November 15, 2018 —OM1, a leading health outcomes and technology company, today announced the publication of new harmonized outcome measures for atrial fibrillation (AF) in HeartRhythm. OM1’s Richard Gliklich and Michelle Leavy collaborated on the development of the measures and co-authored the publication. The work was funded by the Agency for Healthcare Research and Quality (AHRQ) through an interagency agreement with the Office of the Secretary Patient Centered Outcomes Research Trust Fund.
Atrial fibrillation affects some 3 million adults in the United States, leading to an increased risk of heart disease and stroke and contributing to more than 80,000 deaths per year. AF patient registries are an important source of data for addressing new research questions and improving patient outcomes, but differences in the way registries define and capture outcome measures limits the utility of these resources.
The AF harmonization effort brought together patient registries, clinical experts, professional associations, health systems, quality measurement organizations, regulatory agencies, patient advocacy groups, and other stakeholders to develop a minimum set of standardized outcome measures that could be captured in all AF patient registries. The minimum measure set, published today in HeartRhythm, is relevant across treatment pathways and is appropriate for use in research and clinical practice settings. Narrative definitions were translated into standardized terminologies to facilitate consistent implementation and capture of the outcome measures in electronic health systems; these resources can be found on the AHRQ website and in the Outcome Measures Repository.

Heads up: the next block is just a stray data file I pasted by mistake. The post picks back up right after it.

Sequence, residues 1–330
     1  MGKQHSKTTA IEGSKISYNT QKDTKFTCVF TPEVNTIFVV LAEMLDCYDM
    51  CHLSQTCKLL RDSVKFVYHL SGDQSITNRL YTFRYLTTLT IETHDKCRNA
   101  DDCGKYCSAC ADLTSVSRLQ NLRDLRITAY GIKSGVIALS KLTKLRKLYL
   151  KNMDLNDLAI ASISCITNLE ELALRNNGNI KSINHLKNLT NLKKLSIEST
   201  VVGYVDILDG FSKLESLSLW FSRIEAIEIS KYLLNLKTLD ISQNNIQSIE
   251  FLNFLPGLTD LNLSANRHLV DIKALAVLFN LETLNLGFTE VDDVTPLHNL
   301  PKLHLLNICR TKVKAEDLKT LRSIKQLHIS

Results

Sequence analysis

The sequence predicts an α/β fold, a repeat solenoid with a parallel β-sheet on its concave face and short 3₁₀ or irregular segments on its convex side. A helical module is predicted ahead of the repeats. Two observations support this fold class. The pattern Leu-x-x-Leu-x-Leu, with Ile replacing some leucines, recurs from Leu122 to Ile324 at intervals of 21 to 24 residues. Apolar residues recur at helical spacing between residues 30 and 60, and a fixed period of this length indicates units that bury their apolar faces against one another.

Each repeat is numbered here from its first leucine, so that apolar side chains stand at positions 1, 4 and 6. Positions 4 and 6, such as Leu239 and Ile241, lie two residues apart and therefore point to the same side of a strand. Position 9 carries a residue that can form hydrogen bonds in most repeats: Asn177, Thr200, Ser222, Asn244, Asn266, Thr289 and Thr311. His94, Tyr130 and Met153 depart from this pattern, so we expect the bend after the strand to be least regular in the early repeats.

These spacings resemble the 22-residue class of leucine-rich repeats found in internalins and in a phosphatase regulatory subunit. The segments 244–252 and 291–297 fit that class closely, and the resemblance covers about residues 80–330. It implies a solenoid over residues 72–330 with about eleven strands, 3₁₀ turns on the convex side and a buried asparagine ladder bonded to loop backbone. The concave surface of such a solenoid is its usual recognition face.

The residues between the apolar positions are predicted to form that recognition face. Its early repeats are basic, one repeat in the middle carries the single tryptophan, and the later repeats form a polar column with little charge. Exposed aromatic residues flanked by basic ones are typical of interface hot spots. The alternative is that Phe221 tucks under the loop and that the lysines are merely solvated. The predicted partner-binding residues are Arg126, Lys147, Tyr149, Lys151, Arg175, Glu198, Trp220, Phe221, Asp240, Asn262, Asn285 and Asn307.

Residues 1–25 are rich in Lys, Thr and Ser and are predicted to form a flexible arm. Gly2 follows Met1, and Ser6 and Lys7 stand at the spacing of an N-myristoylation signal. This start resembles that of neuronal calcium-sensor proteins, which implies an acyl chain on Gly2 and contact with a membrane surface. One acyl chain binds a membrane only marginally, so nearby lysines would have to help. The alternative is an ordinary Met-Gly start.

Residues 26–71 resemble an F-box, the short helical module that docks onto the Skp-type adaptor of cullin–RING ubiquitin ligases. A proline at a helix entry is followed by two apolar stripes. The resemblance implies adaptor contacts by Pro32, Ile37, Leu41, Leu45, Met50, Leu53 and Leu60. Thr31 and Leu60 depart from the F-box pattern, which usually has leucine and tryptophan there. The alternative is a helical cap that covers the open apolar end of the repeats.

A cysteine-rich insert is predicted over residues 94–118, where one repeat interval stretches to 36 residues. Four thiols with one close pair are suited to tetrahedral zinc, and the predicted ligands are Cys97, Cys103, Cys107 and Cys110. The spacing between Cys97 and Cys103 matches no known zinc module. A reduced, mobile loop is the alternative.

“Outcomes standardization is a critical element in being able to fully understand and compare treatment effectiveness, benefit and risk and to enable better collaboration across stakeholders,” said Gliklich, founder and CEO, OM1. “This initiative is an important step toward improving patient outcomes and delivering more personalized treatments in AF.”
Supported by the Office of the Secretary Patient-Centered Outcomes Research Trust Fund, the harmonization effort builds on prior AHRQ-funded efforts to develop the Outcome Measures Framework (OMF), a conceptual model for classifying outcomes that are relevant to patients and providers across most conditions.